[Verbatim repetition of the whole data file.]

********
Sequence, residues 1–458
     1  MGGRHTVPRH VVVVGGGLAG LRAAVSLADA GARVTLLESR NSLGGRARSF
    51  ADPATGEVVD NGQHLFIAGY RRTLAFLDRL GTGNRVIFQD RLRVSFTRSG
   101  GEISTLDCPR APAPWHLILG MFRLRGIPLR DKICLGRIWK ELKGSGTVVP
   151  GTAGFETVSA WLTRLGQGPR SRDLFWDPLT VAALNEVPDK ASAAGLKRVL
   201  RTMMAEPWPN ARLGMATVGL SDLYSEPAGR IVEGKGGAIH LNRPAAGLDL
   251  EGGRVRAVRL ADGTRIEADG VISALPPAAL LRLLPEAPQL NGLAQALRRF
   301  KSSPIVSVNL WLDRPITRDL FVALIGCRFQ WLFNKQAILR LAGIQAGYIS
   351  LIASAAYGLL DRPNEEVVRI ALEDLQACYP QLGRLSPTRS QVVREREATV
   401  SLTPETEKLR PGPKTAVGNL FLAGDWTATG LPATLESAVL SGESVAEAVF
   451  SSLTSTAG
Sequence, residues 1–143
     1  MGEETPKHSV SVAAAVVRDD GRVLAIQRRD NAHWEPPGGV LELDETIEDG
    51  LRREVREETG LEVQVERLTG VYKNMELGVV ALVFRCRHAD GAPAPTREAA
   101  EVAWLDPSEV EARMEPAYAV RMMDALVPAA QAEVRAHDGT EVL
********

Sequence, residues 1–458
     1  MGGRHTVPRH VVVVGGGLAG LRAAVSLADA GARVTLLESR NSLGGRARSF
    51  ADPATGEVVD NGQHLFIAGY RRTLAFLDRL GTGNRVIFQD RLRVSFTRSG
   101  GEISTLDCPR APAPWHLILG MFRLRGIPLR DKICLGRIWK ELKGSGTVVP
   151  GTAGFETVSA WLTRLGQGPR SRDLFWDPLT VAALNEVPDK ASAAGLKRVL
   201  RTMMAEPWPN ARLGMATVGL SDLYSEPAGR IVEGKGGAIH LNRPAAGLDL
   251  EGGRVRAVRL ADGTRIEADG VISALPPAAL LRLLPEAPQL NGLAQALRRF
   301  KSSPIVSVNL WLDRPITRDL FVALIGCRFQ WLFNKQAILR LAGIQAGYIS
   351  LIASAAYGLL DRPNEEVVRI ALEDLQACYP QLGRLSPTRS QVVREREATV
   401  SLTPETEKLR PGPKTAVGNL FLAGDWTATG LPATLESAVL SGESVAEAVF
   451  SSLTSTAG
Sequence, residues 1–143
     1  MGEETPKHSV SVAAAVVRDD GRVLAIQRRD NAHWEPPGGV LELDETIEDG
    51  LRREVREETG LEVQVERLTG VYKNMELGVV ALVFRCRHAD GAPAPTREAA
   101  EVAWLDPSEV EARMEPAYAV RMMDALVPAA QAEVRAHDGT EVL